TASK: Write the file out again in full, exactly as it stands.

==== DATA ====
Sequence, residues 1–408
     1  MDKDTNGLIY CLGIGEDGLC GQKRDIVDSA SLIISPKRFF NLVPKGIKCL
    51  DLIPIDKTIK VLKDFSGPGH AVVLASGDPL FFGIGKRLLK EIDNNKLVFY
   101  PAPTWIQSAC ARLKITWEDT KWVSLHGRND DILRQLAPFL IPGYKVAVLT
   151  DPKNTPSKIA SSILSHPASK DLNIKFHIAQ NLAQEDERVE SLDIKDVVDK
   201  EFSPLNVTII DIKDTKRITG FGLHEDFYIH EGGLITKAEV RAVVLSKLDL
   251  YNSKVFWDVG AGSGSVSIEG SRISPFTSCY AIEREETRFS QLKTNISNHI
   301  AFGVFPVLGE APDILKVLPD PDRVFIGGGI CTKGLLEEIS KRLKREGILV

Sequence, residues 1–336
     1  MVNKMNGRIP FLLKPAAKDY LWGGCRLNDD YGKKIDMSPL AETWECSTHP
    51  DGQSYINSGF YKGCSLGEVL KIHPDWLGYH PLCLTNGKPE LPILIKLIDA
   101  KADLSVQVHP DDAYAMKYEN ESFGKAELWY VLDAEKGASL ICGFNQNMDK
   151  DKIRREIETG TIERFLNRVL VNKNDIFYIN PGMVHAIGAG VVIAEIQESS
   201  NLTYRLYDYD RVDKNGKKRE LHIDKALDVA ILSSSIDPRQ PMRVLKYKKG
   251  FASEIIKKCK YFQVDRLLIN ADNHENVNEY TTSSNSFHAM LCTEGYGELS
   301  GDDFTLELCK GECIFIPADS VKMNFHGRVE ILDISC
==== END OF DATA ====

Sequence, residues 1–408
     1  MDKDTNGLIY CLGIGEDGLC GQKRDIVDSA SLIISPKRFF NLVPKGIKCL
    51  DLIPIDKTIK VLKDFSGPGH AVVLASGDPL FFGIGKRLLK EIDNNKLVFY
   101  PAPTWIQSAC ARLKITWEDT KWVSLHGRND DILRQLAPFL IPGYKVAVLT
   151  DPKNTPSKIA SSILSHPASK DLNIKFHIAQ NLAQEDERVE SLDIKDVVDK
   201  EFSPLNVTII DIKDTKRITG FGLHEDFYIH EGGLITKAEV RAVVLSKLDL
   251  YNSKVFWDVG AGSGSVSIEG SRISPFTSCY AIEREETRFS QLKTNISNHI
   301  AFGVFPVLGE APDILKVLPD PDRVFIGGGI CTKGLLEEIS KRLKREGILV

Sequence, residues 1–336
     1  MVNKMNGRIP FLLKPAAKDY LWGGCRLNDD YGKKIDMSPL AETWECSTHP
    51  DGQSYINSGF YKGCSLGEVL KIHPDWLGYH PLCLTNGKPE LPILIKLIDA
   101  KADLSVQVHP DDAYAMKYEN ESFGKAELWY VLDAEKGASL ICGFNQNMDK
   151  DKIRREIETG TIERFLNRVL VNKNDIFYIN PGMVHAIGAG VVIAEIQESS
   201  NLTYRLYDYD RVDKNGKKRE LHIDKALDVA ILSSSIDPRQ PMRVLKYKKG
   251  FASEIIKKCK YFQVDRLLIN ADNHENVNEY TTSSNSFHAM LCTEGYGELS
   301  GDDFTLELCK GECIFIPADS VKMNFHGRVE ILDISC